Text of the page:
How can we revive a plot? Each writer has their own unique solutions, but for the sake of this post, imagine yourself wearing scrubs, holding electric paddles, and shouting, "Clear!"
Using combined advice from many sources, including my critique partner, Leslie Rose, and tips from Revision & Self Editing, I created a plot spreadsheet. I know, I know, I usually read spreadsheet and flee. But stay with me. These were my column headers:
- Chapter number
- Scene summary--just a couple of quick lines about the scene
- Characters--which main players were involved in the scene?
- Conflict--I've learned each scene should have conflict. If there wasn't any, that gave me the green light to add friction or delete the scene.
- Goal of scene--what was my MC's goal? Again, if there wasn't any, that was a red flag.
- Antagonist/Opposition--in each scene, who or what stood in my MC's way of reaching her goal?
- Outcome--after each conflict, what were the consequences? If there were none, more red flags.
- Day/Time--this helped me make sure I wasn't goofing up on time sequence (unless that's your objective!)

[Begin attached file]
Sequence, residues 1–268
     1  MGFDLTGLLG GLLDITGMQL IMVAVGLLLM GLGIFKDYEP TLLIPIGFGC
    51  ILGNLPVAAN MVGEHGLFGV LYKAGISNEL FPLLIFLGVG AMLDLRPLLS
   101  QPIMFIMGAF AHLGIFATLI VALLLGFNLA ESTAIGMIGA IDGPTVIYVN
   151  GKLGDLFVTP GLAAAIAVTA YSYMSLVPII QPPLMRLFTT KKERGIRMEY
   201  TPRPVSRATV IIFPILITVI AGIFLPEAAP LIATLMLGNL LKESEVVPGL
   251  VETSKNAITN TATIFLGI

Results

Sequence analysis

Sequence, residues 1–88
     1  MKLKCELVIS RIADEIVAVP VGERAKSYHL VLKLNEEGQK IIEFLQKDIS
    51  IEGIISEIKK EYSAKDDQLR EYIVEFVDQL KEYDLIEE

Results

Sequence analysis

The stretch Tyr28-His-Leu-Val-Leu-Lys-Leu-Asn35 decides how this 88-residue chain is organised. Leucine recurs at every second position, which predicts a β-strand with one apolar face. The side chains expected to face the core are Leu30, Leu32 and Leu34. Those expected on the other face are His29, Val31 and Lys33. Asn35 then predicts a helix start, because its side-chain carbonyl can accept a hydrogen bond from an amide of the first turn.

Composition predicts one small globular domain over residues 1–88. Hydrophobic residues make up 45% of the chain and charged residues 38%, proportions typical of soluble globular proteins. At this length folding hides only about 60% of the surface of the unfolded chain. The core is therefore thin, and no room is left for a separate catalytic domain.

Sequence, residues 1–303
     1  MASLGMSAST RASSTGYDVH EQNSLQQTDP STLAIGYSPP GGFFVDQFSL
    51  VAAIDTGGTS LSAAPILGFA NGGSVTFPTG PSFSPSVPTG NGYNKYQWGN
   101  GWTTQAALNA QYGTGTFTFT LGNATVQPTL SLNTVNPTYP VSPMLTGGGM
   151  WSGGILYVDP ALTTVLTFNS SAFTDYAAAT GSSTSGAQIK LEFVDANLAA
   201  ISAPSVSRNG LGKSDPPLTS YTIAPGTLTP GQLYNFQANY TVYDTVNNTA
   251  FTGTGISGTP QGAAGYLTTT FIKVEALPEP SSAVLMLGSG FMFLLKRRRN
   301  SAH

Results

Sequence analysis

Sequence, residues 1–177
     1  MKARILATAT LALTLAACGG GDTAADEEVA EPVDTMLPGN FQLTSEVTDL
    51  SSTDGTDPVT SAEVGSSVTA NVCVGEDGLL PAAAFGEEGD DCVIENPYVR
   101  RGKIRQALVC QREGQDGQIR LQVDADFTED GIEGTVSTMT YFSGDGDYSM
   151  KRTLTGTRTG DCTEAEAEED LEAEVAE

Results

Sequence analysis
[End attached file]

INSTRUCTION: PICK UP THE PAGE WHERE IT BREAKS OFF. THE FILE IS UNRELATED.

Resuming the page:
- First line of the chapter
- Last line of the chapter--these two columns helped me judge the quality of my beginning and ending lines.
- Notes/Ideas--eventually this column moved next to my scene summary for easy reference. As I evaluated each scene, this is where I wrote my overall thoughts of the scene, how it could improve, or whether or not it could be deleted.
Does this mean I'm finished with revisions? No way. The book is now with trusted beta readers, and I know there will be heavy editing in the future. But spending time evaluating each scene provided me with clarity and focus.
Have you ever done anything like this, or does a spreadsheet make you run for the hills? What's your secret for administering plot CPR?